Like the Dec. 7, 1941, Pearl Harbor attack, or the Nov. 22, 1963, assassination of President John F. Kennedy, Sept. 11, 2001, is a day and an event we will never forget. All three events took us by surprise, all three a national tragedy.
Terrorists hijacked four commercial jets and struck the World Trade Center, Pentagon and were aiming at the Capital Building, but that attempt was foiled by courageous passengers on Flight 93, heroes, all of them, who’s lives ended in a Pennsylvania field near Shanksville, Pennsylvania.
At 8:46 a.m., American Airlines Flight 11 crashed into the upper floors of the North Tower of the World Trade Center, followed by a second strike at 9:03 a.m., when United’s Flight 175 hit the South Tower.
In my mind, maybe because I watched the video over and over, I can still see the planes crashing into the towers. I can hear the whine of the engines.
Then, when many thought the attack was over, another report came in, this time of a jet, Flight 77, struck the western face of the Pentagon. Minutes later the Federal Aviation Administration took the unprecedented step of grounding all flights across the United States – some 3,000-plus commercial planes were given directions to various airports over the next few hours.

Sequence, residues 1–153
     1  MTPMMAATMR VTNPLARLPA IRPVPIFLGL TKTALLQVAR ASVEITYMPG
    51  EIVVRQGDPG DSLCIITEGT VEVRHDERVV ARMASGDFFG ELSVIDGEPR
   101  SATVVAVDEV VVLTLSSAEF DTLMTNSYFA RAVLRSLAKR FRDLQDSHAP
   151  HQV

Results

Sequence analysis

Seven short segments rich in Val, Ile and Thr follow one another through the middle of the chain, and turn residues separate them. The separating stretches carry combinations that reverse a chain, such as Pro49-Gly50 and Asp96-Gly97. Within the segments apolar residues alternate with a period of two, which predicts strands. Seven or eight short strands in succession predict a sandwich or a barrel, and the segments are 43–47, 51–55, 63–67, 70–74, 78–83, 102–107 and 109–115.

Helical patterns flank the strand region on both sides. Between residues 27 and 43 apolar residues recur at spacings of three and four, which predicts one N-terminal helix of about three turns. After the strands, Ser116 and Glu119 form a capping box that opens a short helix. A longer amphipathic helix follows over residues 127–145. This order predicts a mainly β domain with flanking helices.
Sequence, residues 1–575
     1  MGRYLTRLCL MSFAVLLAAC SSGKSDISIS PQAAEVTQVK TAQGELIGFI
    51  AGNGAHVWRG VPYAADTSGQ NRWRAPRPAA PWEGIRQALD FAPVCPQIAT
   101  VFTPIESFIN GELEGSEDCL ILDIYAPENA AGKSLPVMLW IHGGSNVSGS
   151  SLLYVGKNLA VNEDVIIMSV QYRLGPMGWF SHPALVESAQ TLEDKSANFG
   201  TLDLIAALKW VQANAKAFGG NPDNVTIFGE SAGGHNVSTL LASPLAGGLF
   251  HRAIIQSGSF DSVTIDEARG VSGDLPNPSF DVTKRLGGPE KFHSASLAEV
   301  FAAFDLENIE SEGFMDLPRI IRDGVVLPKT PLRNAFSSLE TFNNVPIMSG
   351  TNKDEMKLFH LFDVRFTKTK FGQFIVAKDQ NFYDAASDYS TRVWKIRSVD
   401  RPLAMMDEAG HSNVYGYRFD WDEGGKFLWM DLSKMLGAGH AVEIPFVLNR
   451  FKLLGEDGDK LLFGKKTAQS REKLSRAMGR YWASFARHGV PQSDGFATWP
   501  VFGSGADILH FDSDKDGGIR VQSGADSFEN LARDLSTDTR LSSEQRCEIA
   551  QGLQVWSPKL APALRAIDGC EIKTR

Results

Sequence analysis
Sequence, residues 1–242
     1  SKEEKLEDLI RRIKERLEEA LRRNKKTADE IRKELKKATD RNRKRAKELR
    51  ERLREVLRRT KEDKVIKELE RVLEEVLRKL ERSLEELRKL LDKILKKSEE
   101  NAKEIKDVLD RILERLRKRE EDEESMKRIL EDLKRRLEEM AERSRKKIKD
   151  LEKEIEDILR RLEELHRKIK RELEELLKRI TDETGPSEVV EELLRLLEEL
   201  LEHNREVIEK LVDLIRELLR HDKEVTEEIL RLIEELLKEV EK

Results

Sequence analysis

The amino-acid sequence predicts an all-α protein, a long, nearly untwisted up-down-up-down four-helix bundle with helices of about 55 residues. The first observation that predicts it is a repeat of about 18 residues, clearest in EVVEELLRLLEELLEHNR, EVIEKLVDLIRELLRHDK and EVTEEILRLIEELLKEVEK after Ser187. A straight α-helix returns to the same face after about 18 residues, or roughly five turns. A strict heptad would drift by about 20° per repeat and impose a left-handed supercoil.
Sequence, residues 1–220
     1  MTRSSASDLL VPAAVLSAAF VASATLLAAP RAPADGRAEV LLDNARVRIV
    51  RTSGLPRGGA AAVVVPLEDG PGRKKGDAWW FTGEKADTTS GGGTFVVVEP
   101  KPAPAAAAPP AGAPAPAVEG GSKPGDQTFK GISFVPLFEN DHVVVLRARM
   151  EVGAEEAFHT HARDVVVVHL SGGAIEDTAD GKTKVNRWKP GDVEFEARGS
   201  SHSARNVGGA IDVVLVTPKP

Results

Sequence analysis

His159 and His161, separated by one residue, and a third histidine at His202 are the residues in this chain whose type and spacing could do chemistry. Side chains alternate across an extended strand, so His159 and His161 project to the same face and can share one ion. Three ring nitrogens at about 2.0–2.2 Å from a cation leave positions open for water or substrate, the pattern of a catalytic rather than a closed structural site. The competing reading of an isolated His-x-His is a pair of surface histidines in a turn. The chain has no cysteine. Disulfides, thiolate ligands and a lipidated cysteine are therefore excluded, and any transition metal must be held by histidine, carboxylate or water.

The Capitol Building was evacuated, as were many other large, tall buildings in major cities. Around 10 a.m., Flight 93 passengers became aware of what was happening on other flights, took a vote and decided to try and storm the aircraft’s cabin. Accounts say the plane rolled over and hit the ground at 560 miles per hour, strewing debris for over a mile outside of Shanksville.
Soon, both Towers imploded and came tumbling down, making the event seem even more unbelievable.
U.S. Forces were put on high alert, including putting multiple aircraft in the skies and missile destroyers along the east coast.
That evening, President George W. Bush addressed the nation, calling the attacks evil and pledging to win the war on terror.
A staggering 2,823 people were killed that day. Rescuers spent over 200 days searching the huge piles of rubble for victims. Just last month a news report told of another person’s remains being identified.
Seventeen years later it’s still shocking to see the footage of the falling bodies, the towers collapsing, the thick clouds of dust chasing people down New York City streets and the firefighters and civilians in tears, covered in that dust.
Some families are still without closure, waiting, hoping that some remains of their loved one will be identified.
Hopefully this morning you will take a moment to remember those who died, those who lost their loved ones, and those who are still in pain today as they replay that tragic September morning.